When it comes to determining the right path towards retirement, many Ohio workers often debate on whether a traditional or Roth IRA is right for them. They often discuss which option is better for tax breaks, withdrawals and distributions in the long run. With the constantly changing economy and rules towards both systems, it can be difficult to decide.

However, what many do not know is that there are more options available that are more designed for specific demographics. If you are a business owner, there are several programs available that can potentially benefit you more than the two most popular retirement plans. It is imperative that you know about these IRAs before making a final decision to see which is right for you.

The Simplified Employee Pension (SEP) IRA

If you are a business owner or receive some form of self-employment income, you can potentially set up an SEP. This plan offers you the same distribution, investment and rollover rules that you would find in a traditional IRA. However, as the name suggests, it offers a more straightforward process for employers and the self-employed.

Unlike the traditional and Roth plans, there is no requirement to make contributions every year for you or your fellow Ohio employees, making it very flexible for changing business conditions. It also offers lower administrative costs and higher contribution limits. The downsides are that all employees must be included on your plan with equal contributions and you will have to pay a 10 percent penalty if you withdraw before you are 59 and a half.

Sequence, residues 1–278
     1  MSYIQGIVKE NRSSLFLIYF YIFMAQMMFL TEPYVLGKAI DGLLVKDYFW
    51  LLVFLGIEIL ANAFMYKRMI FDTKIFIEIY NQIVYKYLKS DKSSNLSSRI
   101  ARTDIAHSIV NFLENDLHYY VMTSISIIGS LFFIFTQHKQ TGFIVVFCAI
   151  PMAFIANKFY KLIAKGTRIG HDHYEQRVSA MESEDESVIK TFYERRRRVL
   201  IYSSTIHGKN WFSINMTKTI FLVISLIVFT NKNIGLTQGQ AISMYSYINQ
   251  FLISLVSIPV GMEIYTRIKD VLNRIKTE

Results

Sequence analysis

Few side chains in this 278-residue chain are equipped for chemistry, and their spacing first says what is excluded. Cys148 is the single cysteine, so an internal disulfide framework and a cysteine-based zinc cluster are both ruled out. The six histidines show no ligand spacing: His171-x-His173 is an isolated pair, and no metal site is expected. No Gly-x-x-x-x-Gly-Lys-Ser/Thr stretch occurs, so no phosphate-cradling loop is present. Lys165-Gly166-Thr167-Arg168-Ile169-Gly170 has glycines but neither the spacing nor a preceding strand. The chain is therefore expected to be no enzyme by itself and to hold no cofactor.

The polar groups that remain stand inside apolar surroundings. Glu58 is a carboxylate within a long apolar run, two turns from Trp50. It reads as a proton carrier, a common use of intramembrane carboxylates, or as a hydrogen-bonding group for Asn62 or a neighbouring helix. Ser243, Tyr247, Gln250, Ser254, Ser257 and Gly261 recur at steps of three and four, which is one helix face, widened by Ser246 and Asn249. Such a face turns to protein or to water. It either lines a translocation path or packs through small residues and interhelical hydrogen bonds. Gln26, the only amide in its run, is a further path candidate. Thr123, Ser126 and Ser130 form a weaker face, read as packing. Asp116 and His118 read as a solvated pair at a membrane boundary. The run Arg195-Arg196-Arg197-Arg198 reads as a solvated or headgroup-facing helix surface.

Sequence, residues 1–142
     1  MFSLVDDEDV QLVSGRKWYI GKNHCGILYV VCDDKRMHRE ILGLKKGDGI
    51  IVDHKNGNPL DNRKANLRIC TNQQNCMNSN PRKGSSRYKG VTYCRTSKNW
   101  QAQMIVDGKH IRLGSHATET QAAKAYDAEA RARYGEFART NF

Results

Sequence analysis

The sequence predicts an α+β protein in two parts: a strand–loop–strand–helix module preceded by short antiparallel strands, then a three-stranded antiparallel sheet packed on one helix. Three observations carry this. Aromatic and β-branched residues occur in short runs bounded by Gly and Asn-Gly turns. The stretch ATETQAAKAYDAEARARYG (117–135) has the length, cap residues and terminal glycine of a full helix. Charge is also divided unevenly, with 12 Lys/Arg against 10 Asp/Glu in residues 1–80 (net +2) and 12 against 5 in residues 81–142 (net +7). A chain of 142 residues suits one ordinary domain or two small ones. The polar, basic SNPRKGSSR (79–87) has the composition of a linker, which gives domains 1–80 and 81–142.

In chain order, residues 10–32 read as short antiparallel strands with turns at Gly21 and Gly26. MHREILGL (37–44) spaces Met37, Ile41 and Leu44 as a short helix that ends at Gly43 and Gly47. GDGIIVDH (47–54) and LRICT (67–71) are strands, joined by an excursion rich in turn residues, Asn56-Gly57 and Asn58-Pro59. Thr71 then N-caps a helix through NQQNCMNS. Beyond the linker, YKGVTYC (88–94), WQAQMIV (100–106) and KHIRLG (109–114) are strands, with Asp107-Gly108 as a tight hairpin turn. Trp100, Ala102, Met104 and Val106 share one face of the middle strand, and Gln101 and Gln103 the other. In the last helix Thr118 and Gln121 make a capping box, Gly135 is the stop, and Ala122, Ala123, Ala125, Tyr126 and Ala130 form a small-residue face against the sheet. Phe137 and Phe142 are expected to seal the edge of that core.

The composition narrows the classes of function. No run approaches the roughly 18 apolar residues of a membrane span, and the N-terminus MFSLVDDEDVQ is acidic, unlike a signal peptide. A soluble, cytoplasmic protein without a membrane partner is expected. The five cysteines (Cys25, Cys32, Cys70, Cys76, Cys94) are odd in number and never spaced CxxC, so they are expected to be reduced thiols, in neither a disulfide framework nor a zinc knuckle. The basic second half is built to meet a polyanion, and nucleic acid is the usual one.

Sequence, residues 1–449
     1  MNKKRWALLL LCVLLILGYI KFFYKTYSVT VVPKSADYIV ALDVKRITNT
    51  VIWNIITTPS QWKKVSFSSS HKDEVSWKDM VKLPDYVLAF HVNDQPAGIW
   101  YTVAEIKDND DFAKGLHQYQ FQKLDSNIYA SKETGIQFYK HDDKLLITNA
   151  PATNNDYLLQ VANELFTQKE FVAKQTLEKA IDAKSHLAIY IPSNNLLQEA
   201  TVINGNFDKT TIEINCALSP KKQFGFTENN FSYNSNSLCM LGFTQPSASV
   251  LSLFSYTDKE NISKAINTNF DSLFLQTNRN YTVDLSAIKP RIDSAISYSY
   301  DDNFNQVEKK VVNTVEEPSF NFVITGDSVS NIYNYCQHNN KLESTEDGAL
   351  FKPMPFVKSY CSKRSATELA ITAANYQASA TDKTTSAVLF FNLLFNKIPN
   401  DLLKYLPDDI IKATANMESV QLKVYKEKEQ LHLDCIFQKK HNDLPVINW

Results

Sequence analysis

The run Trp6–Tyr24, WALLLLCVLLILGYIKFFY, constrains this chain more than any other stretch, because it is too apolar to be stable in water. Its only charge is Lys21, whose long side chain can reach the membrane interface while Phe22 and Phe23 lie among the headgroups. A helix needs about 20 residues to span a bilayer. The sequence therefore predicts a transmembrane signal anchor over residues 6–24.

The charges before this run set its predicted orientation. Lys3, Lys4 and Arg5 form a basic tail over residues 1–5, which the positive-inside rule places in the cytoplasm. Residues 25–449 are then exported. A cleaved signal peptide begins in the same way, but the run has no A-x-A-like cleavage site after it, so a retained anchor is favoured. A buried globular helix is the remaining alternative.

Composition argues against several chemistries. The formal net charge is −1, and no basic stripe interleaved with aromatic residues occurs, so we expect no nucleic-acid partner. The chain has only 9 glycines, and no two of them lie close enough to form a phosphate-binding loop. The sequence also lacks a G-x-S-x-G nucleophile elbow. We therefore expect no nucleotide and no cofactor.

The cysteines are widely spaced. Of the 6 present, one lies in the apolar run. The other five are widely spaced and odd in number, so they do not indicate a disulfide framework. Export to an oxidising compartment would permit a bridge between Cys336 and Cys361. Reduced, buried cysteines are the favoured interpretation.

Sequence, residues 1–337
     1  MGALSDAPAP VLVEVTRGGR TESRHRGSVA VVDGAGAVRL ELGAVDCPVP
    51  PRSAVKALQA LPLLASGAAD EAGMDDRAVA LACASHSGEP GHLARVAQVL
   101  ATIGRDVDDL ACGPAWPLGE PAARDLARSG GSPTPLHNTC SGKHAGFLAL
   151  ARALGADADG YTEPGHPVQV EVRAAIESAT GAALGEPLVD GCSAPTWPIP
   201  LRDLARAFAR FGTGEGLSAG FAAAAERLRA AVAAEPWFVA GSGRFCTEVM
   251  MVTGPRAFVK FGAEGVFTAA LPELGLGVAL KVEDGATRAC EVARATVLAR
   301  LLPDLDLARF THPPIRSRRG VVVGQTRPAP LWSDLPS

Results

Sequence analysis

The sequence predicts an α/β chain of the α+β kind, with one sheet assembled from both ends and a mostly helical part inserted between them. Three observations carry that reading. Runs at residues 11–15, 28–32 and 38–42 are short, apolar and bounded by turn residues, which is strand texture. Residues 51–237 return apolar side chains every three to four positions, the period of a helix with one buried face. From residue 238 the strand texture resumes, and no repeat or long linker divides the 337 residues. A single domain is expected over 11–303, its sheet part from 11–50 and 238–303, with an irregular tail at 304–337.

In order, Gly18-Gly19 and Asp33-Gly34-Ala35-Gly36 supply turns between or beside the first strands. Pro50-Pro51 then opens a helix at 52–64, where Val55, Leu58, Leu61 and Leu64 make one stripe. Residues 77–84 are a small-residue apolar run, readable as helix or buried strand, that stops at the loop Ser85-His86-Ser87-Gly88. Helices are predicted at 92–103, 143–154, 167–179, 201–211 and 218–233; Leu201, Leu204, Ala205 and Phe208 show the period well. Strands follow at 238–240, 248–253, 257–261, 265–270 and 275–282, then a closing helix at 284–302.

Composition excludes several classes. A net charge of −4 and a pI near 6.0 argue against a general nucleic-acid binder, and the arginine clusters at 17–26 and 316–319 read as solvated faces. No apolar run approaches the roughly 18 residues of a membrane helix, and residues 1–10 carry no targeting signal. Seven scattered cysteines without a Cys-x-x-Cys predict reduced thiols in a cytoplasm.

The Savings Incentive Match Plan for Employees (SIMPLE) IRA

SIMPLE IRAs are specifically for companies that have 100 or fewer employees that earn at least $5,000 a year. The contributions come more from the employees rather than the employer. It is easy to set up as banks have different prototype plans available. This includes implementing an automatic payroll deduction towards investment in a retirement account. You can choose to have employees having matching contribution of 3 percent of the total pay or 2 percent of each employee’s compensation.

However, you will have to update the planning if you grow beyond 100 workers at some point. Your employees might not be happy that the payroll deduction is mandatory. Make sure you have a good idea about your business’ future and be upfront about this in the application documentations.

The Solo 401(k) plan

While the previous two are helpful for both small businesses and the self-employed, this one is especially designed for the latter. This offers a maximum of two participants, the second of which can be your spouse or business partner. As you do not have to worry about other employees, this plan offers you the chance to set aside more money than other plans while offering flexible tax-deductible contributions.

But since this is your own plan, it requires far more maintenance than other options. The application process is strict and requires an expensive set up fee, but it is worth considering if you are confident that your work is sufficient.

How do you choose?

IRA programs offer different pros and cons that are dependent on your type of employment. Research what your employer has to offer and see which plan will ultimately match your immediate and long-term needs. An attorney may be able to help you determine which program would be more beneficial for your retirement and estate planning.

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